Platelet Rich Plasma (PRP) is currently one of the hottest topics in orthopaedics. This is a biologic concentrate of the patient’s own blood, made using a special machine, and there is now considerable interest amongst many medical device companies in perfecting the technology. But why? The promise of PRP is based upon a a better understanding of what platelets actually do. That is a story best understood when you examine just what is in our bloodstream.
Blood is red because it carries hemoglobin, the oxygen carrying molecule. In addition to red blood cells, blood contains white blood cells, in a far lower amount, that both fight infections and control immunity. There are very few stem cells in our peripheral blood- these are largely contained in the bone marrow, and even there, only in small numbers (1/10,000). In addition, the bone marrow manufacture, in very large numbers, tiny fragments of cells, the platelets. A normal platelet count is several hundred thousand per cubic mm., so there really are a lots of these floating around.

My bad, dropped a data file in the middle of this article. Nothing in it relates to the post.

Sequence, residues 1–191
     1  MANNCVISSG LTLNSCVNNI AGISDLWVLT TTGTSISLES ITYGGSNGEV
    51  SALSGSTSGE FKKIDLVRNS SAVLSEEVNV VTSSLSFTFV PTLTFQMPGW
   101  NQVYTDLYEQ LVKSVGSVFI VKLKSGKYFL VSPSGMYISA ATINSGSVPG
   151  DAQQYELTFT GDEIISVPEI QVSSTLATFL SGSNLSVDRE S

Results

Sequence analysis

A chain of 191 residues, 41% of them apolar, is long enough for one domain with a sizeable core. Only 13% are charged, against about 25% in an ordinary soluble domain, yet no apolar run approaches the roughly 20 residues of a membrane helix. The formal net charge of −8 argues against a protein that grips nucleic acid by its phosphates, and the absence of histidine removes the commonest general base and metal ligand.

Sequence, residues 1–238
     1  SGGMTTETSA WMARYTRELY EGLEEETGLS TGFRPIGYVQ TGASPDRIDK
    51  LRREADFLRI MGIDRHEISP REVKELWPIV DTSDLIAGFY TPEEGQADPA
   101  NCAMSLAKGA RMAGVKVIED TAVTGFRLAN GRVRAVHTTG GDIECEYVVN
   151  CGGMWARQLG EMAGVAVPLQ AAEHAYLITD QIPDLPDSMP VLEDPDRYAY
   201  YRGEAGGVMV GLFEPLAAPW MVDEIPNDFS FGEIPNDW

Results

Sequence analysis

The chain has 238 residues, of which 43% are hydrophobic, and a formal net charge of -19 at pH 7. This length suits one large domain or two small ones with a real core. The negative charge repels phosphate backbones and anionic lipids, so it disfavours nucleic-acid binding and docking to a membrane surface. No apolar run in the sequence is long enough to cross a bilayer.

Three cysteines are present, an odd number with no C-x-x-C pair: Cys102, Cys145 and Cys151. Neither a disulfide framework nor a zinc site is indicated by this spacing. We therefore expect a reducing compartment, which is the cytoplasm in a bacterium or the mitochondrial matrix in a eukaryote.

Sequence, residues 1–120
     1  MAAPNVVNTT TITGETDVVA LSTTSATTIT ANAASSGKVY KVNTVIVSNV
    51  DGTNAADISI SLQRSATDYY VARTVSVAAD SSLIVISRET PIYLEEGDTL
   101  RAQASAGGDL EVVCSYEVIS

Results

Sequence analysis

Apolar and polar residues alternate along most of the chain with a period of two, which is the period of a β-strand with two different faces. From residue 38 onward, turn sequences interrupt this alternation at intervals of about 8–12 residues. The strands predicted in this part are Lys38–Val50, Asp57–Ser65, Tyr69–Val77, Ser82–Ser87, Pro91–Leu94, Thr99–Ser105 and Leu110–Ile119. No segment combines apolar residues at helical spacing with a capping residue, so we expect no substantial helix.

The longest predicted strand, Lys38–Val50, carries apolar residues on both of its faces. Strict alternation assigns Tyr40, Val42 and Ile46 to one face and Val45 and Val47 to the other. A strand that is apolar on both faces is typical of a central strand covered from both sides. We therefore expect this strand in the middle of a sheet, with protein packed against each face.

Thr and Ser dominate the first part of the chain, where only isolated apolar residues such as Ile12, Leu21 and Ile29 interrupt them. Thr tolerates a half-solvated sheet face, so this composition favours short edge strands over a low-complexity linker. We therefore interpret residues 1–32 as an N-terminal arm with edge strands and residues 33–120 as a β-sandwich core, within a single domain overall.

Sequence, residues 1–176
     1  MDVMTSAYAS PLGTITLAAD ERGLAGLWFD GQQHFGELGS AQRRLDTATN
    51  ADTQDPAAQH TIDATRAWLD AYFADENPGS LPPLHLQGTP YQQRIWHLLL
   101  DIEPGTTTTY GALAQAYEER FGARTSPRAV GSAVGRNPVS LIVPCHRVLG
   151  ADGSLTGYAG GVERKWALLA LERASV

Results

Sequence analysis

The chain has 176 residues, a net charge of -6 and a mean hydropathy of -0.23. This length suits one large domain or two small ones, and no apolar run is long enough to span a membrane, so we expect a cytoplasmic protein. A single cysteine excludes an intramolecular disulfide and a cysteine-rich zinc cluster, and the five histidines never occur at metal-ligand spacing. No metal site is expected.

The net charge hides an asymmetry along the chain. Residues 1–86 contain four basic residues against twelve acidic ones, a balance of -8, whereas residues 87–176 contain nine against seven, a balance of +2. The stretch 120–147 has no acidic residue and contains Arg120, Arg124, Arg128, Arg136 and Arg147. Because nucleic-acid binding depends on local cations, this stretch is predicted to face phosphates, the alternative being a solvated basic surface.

When I was in medical school, we learned that platelets are necessary for proper blood coagulation. Drugs like aspirin thin blood by affecting the way platelets “stick”; and that was pretty much all we learned about platelets. It turns out that platelets do more than that…a lot more. They are chock full of proteins that are critical to processes of inflammation and healing. Only recently has it been possible (see my section on Proteomics) to analyze just what is inside the platelet, because each protein is present in only tiny amounts. and there may be as many as 1000 different proteins!
The PRP proteins include TGFBeta, and Interleukin-2, powerful modulators of cell growth and inflammation. For this reason, a concentrate of platelets is bioactive. It is our job to apply these natural materials to situations where the body can help itself.